Colour in Interior Design and Home Decor

Colour in Interior Design and Home Decor

Colour in interior design and home decor can be intimidating, especially if you are not used to playing with it. Understanding each hue's qualities and effect on our subconscious is an integral step when creating a home that genuinely improves your well-being and represents your style. In this article, we will talk about Colour Theory and Colour Psychology. Both combined will help you create thoughtful palettes and make conscious choices while creating a better environment for you and your loved ones.

Being knowledgeable in the science and art of using colour is integral for creating the right palette when (re)designing your space. Colour Theory is a guide to help you understand how hues form and interact with each other. (Some naturally work marvellously together, while others collide horribly.) More importantly, Colour Theory includes the message each hue communicates to us subconsciously, and science has proved it has a profound impact on mood and emotion.

Get to know the Colour Wheel, Colour Definitions, and Basic Colour Schemes.

The Colour Wheel organises colours in a circle, grouped into three categories: 

Colour Wheel Infographic Alisa Textile BlogPrimary colours: Yellow, Red, Blue
Yellow, red, and blue cannot form by combining other colours. All hues are their derivatives.
Secondary colours: Orange, Purple, Green
These are the colours formed by mixing the primary ones. Blue and yellow mixed together makeup green, red and blue-purple, and red and yellow-orange.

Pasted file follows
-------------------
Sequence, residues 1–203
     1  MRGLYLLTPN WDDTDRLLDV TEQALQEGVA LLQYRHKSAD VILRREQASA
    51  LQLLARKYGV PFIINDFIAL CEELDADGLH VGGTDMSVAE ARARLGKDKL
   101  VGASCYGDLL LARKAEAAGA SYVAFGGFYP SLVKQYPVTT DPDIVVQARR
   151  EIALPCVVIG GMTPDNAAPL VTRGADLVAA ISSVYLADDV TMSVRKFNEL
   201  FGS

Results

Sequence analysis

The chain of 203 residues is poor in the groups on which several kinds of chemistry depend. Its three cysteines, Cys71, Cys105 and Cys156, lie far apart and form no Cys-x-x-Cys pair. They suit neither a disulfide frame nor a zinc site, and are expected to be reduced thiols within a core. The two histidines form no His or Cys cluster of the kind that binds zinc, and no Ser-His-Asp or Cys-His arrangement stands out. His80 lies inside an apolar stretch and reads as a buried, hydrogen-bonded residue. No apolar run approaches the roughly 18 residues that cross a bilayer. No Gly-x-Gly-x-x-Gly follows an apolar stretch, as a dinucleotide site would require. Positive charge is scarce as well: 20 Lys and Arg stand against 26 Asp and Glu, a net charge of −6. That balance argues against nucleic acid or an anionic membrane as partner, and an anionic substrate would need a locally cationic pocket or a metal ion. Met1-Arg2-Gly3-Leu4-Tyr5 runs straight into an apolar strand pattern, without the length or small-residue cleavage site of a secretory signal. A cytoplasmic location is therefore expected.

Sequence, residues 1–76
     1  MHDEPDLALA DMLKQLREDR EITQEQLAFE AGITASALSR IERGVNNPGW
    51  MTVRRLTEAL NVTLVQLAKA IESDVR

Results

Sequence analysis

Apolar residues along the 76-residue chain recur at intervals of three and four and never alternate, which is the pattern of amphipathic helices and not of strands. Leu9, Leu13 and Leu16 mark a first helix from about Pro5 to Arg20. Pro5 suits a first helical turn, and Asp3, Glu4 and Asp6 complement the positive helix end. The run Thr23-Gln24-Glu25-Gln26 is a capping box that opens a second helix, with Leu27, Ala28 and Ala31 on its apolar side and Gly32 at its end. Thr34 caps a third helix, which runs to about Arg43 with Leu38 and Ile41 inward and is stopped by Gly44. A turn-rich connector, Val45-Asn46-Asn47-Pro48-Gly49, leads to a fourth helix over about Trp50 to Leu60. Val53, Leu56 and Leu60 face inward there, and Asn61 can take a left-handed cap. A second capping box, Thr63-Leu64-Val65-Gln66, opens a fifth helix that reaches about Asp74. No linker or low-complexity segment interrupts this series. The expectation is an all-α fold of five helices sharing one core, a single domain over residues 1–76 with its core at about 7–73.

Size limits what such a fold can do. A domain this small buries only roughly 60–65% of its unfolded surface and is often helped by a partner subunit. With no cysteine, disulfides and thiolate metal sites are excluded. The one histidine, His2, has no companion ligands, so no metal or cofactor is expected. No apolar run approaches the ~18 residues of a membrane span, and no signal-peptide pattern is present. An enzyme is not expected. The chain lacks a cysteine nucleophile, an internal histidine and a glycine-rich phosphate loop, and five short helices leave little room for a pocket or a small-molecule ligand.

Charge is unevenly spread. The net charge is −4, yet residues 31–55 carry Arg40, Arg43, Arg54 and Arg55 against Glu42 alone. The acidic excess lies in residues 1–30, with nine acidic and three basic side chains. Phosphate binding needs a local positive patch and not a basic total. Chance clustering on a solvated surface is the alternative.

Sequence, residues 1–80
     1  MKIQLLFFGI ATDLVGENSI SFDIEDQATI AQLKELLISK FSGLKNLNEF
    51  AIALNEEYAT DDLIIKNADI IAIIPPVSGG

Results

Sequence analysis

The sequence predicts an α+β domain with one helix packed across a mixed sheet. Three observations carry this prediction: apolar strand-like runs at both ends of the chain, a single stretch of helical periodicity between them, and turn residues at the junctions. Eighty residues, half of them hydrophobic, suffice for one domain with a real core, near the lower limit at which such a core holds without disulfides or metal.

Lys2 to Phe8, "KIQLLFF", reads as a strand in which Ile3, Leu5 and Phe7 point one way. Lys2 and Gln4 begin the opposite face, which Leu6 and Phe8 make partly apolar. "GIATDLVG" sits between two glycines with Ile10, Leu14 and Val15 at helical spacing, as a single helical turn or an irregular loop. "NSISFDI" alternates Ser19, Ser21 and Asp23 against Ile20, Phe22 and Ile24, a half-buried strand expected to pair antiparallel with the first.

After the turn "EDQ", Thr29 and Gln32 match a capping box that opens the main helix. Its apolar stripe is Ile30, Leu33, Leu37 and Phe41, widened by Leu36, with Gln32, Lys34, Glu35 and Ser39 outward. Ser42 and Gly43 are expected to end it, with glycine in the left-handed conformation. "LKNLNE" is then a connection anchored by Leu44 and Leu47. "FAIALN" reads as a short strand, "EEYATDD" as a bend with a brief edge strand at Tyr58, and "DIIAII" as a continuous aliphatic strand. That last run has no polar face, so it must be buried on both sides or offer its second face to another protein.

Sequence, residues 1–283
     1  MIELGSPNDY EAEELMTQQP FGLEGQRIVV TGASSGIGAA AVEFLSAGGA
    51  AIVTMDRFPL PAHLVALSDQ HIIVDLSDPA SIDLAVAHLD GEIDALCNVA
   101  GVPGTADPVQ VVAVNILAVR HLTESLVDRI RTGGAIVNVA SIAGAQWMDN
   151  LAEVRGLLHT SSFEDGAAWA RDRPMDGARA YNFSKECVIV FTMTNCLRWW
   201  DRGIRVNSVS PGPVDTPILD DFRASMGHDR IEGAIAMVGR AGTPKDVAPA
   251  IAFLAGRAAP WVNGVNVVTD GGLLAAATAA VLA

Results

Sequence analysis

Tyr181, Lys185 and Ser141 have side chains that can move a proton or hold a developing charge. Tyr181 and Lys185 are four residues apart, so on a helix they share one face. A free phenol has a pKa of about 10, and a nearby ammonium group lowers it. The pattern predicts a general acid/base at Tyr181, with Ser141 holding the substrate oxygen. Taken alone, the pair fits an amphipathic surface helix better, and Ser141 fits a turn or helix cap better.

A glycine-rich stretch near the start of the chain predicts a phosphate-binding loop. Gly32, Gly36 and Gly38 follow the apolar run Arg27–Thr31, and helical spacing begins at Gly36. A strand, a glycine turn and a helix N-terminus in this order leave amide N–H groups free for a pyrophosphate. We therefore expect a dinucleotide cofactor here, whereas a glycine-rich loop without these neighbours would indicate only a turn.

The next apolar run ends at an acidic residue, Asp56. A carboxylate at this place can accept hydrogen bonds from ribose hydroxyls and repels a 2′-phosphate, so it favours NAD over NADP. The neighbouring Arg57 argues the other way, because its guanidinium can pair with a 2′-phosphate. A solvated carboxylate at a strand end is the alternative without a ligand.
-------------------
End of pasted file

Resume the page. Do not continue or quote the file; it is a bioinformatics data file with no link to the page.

Tertiary Colours: Yellow-orange, red-orange, red-purple, blue-purple, blue-green & yellow-green. These colours are created by mixing a primary and a secondary colour. Their hues are two-word names: blue-green, red-violet, and yellow-orange.

Colour schemes

Colour Shemes Infographic Alisa Textile BlogA Complementary colour scheme consists of two colours that sit directly on the opposite side of the wheel. These colours create maximum contrast, enhancing each other's visual impact the most. 

Analogous schemes include three colours sitting next to one another on the colour wheel. When working with this colour scheme, one colour is always dominant, one supports, and the third accents.
Triadic colour schemes contain three colours evenly spaced around the colour wheel. They tend to be very bright and energetic.

Complementary, analogous and triadic are the basic colour schemes created by humans. On the other hand, nature provides a perfect departure point, regardless of whether its hue combinations fit into a technical formula.


We, at Alisa Textile, believe that while it is good to be knowledgeable in Colour Theory - there is more than one approach when creating a beautiful colour scheme. Inspiration and beauty are everywhere. We only need to open our eyes and explore.


Colour psychology

The connection between our emotions and colour, also called colour psychology, is the core factor in choosing an interior design scheme. Brightness and saturation are significant components attributing to the power of a particular hue. Since we, our friends and family spend hours in the rooms we design, considering its effect on our subconscious is a vital variable in creating an accomplished living space.

Whether you look to add the odd pop of colour or decorate an entire room, here are the primary and secondary colours and the effects they have on the human mind:


  • Red